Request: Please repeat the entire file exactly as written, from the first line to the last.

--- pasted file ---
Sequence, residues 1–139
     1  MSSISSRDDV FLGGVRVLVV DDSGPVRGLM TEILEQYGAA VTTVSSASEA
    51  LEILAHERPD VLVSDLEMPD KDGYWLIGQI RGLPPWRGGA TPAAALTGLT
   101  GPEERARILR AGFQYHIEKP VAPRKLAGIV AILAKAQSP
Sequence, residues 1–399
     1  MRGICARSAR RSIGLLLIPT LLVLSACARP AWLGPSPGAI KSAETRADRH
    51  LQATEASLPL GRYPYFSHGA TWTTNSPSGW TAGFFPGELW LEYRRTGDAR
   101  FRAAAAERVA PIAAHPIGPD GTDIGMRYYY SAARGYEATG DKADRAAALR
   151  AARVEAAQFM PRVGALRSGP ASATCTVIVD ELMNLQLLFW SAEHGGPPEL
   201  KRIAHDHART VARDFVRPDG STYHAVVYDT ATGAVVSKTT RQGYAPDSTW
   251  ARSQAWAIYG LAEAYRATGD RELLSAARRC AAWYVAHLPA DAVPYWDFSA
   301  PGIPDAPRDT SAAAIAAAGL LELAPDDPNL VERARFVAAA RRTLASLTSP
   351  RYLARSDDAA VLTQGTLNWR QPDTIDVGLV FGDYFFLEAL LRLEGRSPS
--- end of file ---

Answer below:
Sequence, residues 1–139
     1  MSSISSRDDV FLGGVRVLVV DDSGPVRGLM TEILEQYGAA VTTVSSASEA
    51  LEILAHERPD VLVSDLEMPD KDGYWLIGQI RGLPPWRGGA TPAAALTGLT
   101  GPEERARILR AGFQYHIEKP VAPRKLAGIV AILAKAQSP
Sequence, residues 1–399
     1  MRGICARSAR RSIGLLLIPT LLVLSACARP AWLGPSPGAI KSAETRADRH
    51  LQATEASLPL GRYPYFSHGA TWTTNSPSGW TAGFFPGELW LEYRRTGDAR
   101  FRAAAAERVA PIAAHPIGPD GTDIGMRYYY SAARGYEATG DKADRAAALR
   151  AARVEAAQFM PRVGALRSGP ASATCTVIVD ELMNLQLLFW SAEHGGPPEL
   201  KRIAHDHART VARDFVRPDG STYHAVVYDT ATGAVVSKTT RQGYAPDSTW
   251  ARSQAWAIYG LAEAYRATGD RELLSAARRC AAWYVAHLPA DAVPYWDFSA
   301  PGIPDAPRDT SAAAIAAAGL LELAPDDPNL VERARFVAAA RRTLASLTSP
   351  RYLARSDDAA VLTQGTLNWR QPDTIDVGLV FGDYFFLEAL LRLEGRSPS